I posted this picture on Instagram a few weeks ago. My Daughter Paige quietly snuck giant sunflower seeds into the box that has my sweet peas, sage, lemon verbena, rosemary and chives in it. Those sunflowers grew to over 16 feet tall and the amazing amount of sunflower seeds we harvested will keep my children quite happy over the summer as they perfect the art of cracking the seeds open and spitting out the shells on make shift distance marker on the ground. If they only were not allergic to watermelon we could have a watermelon seed spitting contest. Oh well. 

The garden in spring 2014
The garden in spring 2014

I love pic stitch, this was taken in April and I can not tell you how amazing it was to watch all of this food grow right in my front yard. On any given day I spend anywhere from 15- 30 minutes outside watering, pruning, harvesting or fertilizing the garden. My children love to help me pick the new plant seeds and figure out where to plant them in relation to what will the height be, does the new plant need sun or shade? What size will it grow to, will we need just one of these plants or could two work? All I know is this my children know where their food comes from and they have a say in it, what parent can have a issue with that?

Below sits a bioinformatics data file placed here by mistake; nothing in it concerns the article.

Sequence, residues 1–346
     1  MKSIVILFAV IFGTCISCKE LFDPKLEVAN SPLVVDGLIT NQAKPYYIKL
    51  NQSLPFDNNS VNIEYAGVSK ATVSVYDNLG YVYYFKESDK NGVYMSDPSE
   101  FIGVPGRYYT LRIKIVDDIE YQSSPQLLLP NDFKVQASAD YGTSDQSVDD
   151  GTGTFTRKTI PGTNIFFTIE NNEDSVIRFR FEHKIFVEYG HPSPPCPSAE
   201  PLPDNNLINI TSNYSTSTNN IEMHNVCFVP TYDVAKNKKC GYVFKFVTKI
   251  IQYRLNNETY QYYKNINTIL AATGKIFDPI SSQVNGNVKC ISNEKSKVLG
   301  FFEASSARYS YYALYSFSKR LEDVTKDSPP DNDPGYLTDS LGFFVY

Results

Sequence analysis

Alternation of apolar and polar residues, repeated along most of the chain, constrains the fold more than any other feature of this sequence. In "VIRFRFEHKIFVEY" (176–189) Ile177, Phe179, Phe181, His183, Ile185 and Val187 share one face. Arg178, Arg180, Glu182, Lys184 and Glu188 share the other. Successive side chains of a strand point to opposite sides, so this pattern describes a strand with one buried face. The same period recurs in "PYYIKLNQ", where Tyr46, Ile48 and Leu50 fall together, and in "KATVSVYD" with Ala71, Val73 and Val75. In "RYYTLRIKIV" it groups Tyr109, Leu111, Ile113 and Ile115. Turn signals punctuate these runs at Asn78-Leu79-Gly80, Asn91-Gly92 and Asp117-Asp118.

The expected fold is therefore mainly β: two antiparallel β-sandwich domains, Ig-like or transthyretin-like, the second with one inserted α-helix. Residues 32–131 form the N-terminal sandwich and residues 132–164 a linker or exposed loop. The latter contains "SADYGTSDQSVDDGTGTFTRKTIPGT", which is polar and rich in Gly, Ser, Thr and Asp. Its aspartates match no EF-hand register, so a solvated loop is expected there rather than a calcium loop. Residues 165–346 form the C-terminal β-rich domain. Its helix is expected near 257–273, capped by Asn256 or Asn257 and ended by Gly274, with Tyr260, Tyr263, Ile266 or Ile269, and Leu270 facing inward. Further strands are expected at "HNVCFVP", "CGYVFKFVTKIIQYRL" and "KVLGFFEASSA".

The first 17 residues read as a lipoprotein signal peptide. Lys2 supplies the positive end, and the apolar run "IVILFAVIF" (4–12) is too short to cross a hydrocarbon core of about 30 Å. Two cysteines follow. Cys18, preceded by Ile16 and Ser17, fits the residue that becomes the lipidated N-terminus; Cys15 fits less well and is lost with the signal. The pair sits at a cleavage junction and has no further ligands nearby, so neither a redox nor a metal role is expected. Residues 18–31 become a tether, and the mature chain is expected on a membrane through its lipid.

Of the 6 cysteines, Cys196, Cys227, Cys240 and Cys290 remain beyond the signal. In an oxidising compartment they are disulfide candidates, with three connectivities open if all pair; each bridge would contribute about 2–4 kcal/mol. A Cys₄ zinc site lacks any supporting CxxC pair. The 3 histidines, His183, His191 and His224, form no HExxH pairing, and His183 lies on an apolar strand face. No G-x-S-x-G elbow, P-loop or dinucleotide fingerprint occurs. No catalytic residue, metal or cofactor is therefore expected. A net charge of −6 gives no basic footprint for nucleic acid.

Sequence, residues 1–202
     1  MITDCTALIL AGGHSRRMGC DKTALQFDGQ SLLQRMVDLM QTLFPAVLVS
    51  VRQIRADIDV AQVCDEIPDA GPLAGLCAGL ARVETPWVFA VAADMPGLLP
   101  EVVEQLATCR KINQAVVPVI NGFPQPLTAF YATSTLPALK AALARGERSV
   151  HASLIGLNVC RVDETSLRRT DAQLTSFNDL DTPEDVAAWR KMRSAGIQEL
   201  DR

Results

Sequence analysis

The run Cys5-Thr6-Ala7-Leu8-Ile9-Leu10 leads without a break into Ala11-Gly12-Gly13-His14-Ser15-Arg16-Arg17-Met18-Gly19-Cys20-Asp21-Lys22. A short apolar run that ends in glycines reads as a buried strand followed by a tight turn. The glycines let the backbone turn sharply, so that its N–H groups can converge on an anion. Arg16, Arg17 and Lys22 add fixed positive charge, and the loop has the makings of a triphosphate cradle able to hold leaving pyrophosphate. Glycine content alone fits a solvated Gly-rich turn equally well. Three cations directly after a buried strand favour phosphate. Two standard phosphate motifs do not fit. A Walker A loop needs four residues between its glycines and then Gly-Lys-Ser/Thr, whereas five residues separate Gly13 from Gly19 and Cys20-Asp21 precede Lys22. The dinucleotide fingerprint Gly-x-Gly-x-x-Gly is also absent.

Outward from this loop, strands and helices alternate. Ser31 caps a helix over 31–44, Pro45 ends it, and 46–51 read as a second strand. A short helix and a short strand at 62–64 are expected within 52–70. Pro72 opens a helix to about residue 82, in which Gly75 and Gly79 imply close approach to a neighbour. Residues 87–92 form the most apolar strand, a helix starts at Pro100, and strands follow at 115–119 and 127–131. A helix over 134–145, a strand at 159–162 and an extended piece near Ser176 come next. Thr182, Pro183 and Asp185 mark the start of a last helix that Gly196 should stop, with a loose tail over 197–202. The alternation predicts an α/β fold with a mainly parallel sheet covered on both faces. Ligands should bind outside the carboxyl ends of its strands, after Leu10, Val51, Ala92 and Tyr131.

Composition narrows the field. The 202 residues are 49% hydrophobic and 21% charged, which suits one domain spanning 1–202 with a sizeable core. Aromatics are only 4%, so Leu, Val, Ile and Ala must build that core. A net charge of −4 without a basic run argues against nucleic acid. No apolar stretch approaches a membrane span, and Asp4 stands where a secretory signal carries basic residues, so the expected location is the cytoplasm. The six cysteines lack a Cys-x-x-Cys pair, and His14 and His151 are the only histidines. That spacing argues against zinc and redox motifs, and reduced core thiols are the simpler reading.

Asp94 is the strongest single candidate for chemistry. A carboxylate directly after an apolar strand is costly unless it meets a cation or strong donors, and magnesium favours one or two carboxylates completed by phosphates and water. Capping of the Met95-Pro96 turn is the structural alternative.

Take a look at your yard a really good and honest look. Do you have the ability to put a few boxes in or maybe a few containers for vegetables or fruit trees? If you do I can guarantee it will be one of the best investments you could make. Fresh grown food, a welcome addition in water conservation (getting rid of that water sucking grass) a food source for butterflies, bees and birds too. I can not wait to take out a good part of our backyard grass and put more raised beds in it. I hope you enjoyed the look into my other kitchen, my outdoor kitchen and if you have a question or would like to share your transformed yards please do. Have a great week.

Cheers!

 

A Farmers Market Visit